Small Island Developing States (SIDS) of the Caribbean headed to the 2021 United Nations Climate Change Conference (COP26) with a shared objective—to rally support for ensuring that increases in average global temperatures are limited to 1.5º Celsius above pre-industrial levels, as recommended in the Paris Agreement.
“To do less, is to put at risk our generation and the future,” stated Keith Rowley, the prime minister of one such country, Trinidad and Tobago in March this year. His remark highlights the gravity of the climate crisis for Caribbean SIDS. Warmer ocean temperatures and higher sea levels are already contributing to more frequent and destructive hurricane seasons in the region. Research has linked Hurricane Maria—a deadly Category 5 behemoth that ravaged Dominica, Saint Croix and Puerto Rico in 2018—directly to climate change.
In Trinidad and Tobago, the Intended Nationally Determined Contributions (INDCs) to combating climate change under the United Nations Framework Convention on Climate Change (UNFCCC), acknowledge that the country’s annual mean air temperature has warmed by almost 1º C over the past half-century, and that continuing along this trajectory would leave it more vulnerable to increased flooding. This year, Trinidad and Tobago has seen unprecedented amounts of flooding that has led to the destruction of roadways and property in communities from St. Anns in the north to Penal, towards the south.
Adding urgency to the crisis, the latest assessment report by the Intergovernmental Panel on Climate Change (IPCC) points to the likelihood of more loss and damage in the near future. The report makes it clear that limiting global warming to 1.5 C would be impossible without “immediate rapid and large-scale reductions in greenhouse gas emissions.” But Colin Young, Executive Director of the Caribbean Community Climate Change Centre (CCCCC), who spoke with Global Voices via Zoom, says that the report would be the “biggest plus” that the region has at COP26: “We have been doing our part in terms of mitigation but we need the largest emitters in the world to do more.”
For context, the Caribbean is responsible for less than one per cent of global greenhouse gas emissions, while the G20 nations are responsible for around 80 per cent. Young referred to this as the first major priority for the region: “COP must result in global ambition that will keep the 1.5 temperature goal within reach. So that’s outcome number one right now.”
Activists in the region have rallied around this message through a campaign website called “1.5 to stay alive”—its homepage greets you with various portraits of young Caribbean girls standing submerged by rising sea levels: their hands are mostly held above the water gesturing the numbers one and five. The creators, Panos Caribbean, refer to climate change as an “existential threat” and, with COP26 getting underway, have used the campaign to fervently make the case as to why this is so. The reality, however, is that the Caribbean needs to also plan for some amount of inevitable change, which is why Young listed the region’s second major priority at COP26 as securing climate finance for adaptation.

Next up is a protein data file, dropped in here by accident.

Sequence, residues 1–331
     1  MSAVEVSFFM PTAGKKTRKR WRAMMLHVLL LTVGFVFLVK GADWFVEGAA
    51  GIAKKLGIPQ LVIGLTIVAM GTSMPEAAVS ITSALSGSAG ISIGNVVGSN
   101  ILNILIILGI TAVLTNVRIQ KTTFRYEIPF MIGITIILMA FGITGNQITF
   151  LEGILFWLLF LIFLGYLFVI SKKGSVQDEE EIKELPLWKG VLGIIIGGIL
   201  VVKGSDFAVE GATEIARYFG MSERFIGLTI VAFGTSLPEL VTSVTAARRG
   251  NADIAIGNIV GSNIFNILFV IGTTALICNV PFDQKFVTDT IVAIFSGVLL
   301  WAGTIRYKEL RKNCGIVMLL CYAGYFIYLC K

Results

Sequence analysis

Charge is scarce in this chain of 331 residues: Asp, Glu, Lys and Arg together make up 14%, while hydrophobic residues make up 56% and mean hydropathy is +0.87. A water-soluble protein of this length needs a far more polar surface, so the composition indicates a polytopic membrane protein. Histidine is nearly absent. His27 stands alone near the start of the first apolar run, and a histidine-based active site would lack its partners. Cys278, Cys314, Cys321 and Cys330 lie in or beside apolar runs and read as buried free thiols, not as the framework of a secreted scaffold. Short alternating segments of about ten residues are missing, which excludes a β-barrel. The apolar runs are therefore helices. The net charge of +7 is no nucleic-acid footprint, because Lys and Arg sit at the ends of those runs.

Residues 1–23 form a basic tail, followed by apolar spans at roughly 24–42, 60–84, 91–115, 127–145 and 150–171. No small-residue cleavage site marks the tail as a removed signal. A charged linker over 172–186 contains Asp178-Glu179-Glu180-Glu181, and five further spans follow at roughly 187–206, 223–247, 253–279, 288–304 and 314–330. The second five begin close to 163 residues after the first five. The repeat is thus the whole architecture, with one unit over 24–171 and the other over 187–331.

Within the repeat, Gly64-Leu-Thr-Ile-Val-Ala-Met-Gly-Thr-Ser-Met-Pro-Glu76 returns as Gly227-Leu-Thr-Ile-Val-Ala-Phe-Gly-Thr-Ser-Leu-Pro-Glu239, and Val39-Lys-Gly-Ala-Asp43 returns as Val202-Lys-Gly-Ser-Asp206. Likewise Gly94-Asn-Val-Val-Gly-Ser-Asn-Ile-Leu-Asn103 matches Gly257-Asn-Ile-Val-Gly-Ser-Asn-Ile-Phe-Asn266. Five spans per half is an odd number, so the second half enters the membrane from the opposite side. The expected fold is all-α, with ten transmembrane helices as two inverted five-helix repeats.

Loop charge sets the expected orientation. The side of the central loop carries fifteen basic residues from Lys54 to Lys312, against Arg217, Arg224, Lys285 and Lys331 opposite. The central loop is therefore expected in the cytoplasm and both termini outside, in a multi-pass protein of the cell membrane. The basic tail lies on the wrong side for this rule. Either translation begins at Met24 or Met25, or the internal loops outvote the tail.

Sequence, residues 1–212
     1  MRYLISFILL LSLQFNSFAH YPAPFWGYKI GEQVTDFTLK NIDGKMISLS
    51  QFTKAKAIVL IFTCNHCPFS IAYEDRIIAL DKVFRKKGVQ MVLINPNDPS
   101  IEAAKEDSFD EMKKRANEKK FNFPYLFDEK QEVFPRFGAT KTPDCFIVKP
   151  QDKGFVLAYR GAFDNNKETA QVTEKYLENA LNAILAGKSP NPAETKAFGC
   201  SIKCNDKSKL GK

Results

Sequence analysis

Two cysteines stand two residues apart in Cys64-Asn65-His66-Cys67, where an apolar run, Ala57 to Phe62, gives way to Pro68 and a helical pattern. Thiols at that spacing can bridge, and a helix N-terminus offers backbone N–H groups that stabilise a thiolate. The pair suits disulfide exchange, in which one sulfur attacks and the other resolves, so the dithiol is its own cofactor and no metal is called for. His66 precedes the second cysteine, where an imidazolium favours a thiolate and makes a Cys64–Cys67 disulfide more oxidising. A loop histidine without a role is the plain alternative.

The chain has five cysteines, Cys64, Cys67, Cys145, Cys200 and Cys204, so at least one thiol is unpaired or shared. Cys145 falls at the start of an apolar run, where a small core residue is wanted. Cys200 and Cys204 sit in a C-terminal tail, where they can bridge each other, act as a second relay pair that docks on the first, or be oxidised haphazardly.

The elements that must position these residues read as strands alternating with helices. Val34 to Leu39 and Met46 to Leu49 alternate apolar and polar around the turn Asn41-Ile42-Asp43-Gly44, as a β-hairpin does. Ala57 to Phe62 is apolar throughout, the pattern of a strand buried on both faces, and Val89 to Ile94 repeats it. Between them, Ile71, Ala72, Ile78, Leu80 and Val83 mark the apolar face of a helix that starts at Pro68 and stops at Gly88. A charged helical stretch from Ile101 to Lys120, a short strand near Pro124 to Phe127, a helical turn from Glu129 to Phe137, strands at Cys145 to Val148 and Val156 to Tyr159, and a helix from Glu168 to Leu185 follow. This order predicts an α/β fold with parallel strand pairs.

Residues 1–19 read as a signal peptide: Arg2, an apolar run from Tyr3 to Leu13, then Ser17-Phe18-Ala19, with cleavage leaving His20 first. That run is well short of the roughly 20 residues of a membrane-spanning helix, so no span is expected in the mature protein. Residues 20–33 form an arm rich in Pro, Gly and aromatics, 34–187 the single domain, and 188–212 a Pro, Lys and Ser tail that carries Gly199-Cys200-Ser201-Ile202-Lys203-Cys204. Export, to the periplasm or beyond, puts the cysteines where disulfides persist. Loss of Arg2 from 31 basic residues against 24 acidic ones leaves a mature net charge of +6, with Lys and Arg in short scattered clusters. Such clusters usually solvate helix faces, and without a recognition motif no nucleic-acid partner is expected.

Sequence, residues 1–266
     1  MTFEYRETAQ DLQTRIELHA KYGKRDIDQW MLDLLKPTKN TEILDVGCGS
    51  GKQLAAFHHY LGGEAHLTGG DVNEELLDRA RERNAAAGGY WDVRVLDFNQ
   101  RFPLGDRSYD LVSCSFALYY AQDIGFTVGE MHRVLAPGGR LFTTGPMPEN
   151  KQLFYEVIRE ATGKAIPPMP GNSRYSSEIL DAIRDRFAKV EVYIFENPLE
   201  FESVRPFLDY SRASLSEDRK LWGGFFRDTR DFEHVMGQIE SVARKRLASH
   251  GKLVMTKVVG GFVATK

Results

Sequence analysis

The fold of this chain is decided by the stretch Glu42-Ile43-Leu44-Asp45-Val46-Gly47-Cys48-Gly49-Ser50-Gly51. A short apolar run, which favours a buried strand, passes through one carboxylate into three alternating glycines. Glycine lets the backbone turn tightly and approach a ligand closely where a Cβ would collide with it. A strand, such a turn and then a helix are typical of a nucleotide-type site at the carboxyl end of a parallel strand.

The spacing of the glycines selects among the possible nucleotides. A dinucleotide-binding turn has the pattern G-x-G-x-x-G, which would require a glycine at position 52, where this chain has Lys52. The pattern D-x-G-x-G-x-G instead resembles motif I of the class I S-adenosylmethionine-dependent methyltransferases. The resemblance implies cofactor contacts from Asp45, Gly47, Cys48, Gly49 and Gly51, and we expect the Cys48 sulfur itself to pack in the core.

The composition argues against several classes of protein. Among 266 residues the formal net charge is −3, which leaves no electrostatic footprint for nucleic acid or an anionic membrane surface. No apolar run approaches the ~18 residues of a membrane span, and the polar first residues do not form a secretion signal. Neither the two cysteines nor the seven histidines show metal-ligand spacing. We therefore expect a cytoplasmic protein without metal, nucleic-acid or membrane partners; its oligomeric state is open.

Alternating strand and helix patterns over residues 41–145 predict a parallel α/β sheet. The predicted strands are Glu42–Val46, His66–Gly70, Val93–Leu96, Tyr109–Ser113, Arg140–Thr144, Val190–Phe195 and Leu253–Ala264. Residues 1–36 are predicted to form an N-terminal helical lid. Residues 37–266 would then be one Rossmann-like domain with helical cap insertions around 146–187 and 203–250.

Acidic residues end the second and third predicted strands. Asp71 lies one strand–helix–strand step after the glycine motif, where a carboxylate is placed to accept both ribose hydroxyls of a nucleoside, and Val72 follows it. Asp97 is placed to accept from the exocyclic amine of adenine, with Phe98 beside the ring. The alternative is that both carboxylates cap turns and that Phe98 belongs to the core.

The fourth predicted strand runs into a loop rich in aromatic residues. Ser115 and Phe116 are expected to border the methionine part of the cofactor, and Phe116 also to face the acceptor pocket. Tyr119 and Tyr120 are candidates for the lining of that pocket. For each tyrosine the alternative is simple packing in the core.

According to the UNFCCC, climate adaptation refers to adjustments in ecological, social, or economic systems in response to effects of climate change. In the Caribbean, this can take many different forms and would be specific to the unique needs of each island. For example, islands like Dominica, sitting in the hurricane belt, would need to fortify their infrastructure, whereas Trinidad and Tobago would have to consider how to protect reclaimed land from flooding and coastal erosion.
At the Copenhagen COP in 2009, richer nations promised to commit 100 billion United States dollars a year in climate finance. According to the Organisation for Economic Co-operation and Development (OECD), however, that promise has gone unfulfilled. Their September estimates showed that climate finance in 2019 fell short of this target by US $20 billion.
Young said there is no excuse because “even before COVID, the pace at which the finance was being delivered would have been suboptimal.” He said the time had come for developed countries to live up to their commitments and that COP26 is where they should be held to task. The third area that Young pointed out for the region is the finalisation of the Paris rulebook, which is necessary for the full implementation of the Paris Agreement. The outstanding chapter of the Paris rulebook deals with questions of transparency—how do countries report on their progress?
In a telephone interview with Global Voices, Trinidad and Tobago-based environmental consultant, Ryan Assiu, explained, “Even though parties are pledging to become carbon neutral or saying they’re going to implement certain measures, if you don’t have a proper system to transparently account for them, you can’t really tell whether you’re making it to carbon neutrality by 2050.”
COP26 negotiations began on October 31 in Glasgow, Scotland, and are scheduled to last until November 12.